I think to start with the biggest excesses of miscarriages of justice and evasion of justice has to be dealt with. The reason the current system allows this to happen is the entanglement of corporate interests and political power which are all in the hands of a few people. So opening the justice system up to being accountable to the working class instead of a few judges and a capitalist state effectively run by big corporations will already change the outcome dramatically I suspect. Also the fact that in a Socialist system the biggest companies and banks will be nationalised will mean that accountability will change from private hands to public hands. Each individual in society will have to be accountable to the whole of society. So when a group of people together act in a harmful way, they all have to account for that to the whole of society. At the moment under capitalism this is very difficult to pursue. For instance in the case of the Grenfell Tower Fire and the aftermath with a 100.000 buildings still clad in flammable material it seems near impossible to bring all the different guilty parties to justice. In a Socialist society there would be a big independent public inquiry run by a community committee, but I think such disasters wouldn’t take place as there would be stringent health and safety laws and regulations, and high rises like Grenfell would be replaced with safe, spacious, quality public housing.


In the process of the transformation of society towards socialism, the roles within a court trial might change dramatically to reflect accountability to the whole of society, which requires much more transparency and impartiality than the justice system has now. The fairness of trial and protection against miscarriages of justice has been seriously eroded by decades of austerity and cuts to public services like the Department of Justice. In a socialist society accountability to the whole of society would take centre stage, as well as equality before the law, fairness and the possibility for rehabilitation for the offender and recovery for the victim. The long-term outcome for society has to be positive in deciding the sentence. The whole justice system would be a public service, with no aspect of it in private hands, and free on the point of use to anyone. Many crimes will cease to exist as poverty, inequality, competition between people and the race for profit will be eradicated.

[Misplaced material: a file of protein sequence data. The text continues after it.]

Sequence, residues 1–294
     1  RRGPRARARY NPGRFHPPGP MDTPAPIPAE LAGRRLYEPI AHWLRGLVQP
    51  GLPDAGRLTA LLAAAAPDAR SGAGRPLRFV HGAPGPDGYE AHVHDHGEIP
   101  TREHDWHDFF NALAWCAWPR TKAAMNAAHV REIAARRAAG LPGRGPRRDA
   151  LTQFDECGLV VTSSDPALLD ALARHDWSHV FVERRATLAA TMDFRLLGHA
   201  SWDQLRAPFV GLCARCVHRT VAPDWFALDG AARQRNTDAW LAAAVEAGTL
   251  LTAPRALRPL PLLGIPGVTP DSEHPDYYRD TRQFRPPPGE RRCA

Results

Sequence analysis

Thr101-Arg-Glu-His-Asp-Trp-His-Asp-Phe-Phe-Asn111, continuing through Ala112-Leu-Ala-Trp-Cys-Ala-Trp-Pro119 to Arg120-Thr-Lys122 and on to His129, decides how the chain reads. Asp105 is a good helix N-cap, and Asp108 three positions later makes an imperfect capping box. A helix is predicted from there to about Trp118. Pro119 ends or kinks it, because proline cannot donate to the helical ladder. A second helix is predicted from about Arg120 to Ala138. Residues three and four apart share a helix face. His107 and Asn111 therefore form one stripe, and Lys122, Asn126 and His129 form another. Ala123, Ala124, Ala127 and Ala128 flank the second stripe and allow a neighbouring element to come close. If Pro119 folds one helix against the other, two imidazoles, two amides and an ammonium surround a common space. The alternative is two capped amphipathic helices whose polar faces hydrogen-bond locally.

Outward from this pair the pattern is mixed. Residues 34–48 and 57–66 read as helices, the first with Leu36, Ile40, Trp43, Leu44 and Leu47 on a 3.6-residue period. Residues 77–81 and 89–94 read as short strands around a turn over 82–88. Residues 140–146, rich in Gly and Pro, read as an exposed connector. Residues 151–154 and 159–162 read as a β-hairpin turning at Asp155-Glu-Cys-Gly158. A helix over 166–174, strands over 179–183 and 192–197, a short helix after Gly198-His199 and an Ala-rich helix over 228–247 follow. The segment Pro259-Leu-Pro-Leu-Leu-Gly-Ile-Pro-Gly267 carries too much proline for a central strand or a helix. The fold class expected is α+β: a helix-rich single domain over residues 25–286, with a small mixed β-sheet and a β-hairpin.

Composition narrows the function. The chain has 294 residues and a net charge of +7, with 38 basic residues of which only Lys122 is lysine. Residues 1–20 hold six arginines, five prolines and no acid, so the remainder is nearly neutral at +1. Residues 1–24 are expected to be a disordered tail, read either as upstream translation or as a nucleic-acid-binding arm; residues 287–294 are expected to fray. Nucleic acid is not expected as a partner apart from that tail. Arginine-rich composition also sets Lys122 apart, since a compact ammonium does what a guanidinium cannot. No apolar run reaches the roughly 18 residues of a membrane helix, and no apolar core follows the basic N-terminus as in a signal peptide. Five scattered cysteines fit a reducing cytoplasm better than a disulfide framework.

So how would it look like? To begin with the whole aim should be that equal and fair justice can be done to anyone, that nobody is above the law, and that every single part of the system is directly accountable to the working class as said above. At no point should it be possible for any participant within the justice system to gain any kind of advantage above the other party in the case. It goes without saying that the law should be written, enforced, tested and applied by the working class, through democratic processes like everything else has.


Bloom, T. (2019) ‘The prosecution on trial’ in Downes, J., Kent, G., Mooney, G., Nightingale, A., and Scott, D. (eds.) Introduction to Criminology 2, Milton Keynes, The Open University, pp. 51-74).

Casciani, D. (2021) ‘Covid and the courts: ‘Grave concerns’ for justice, warn watchdogs’ [Online] Available at: https://www.bbc.co.uk/news/uk-55712106 (Accessed on 01/02/2021).

Published by Gif-Art

Follow androgynous blogger, poet, artist, Criminology & Psychology scholar and revolutionary socialist Kahlo on their journey of self expression, transitioning and development. They write about Criminology & Psychology subjects in a socialist context, rehabilitation and recovery of childhood trauma, domestic and sexual abuse and the mental health conditions as a result. Woven through is a strong sense of social justice, accountability and self-determination.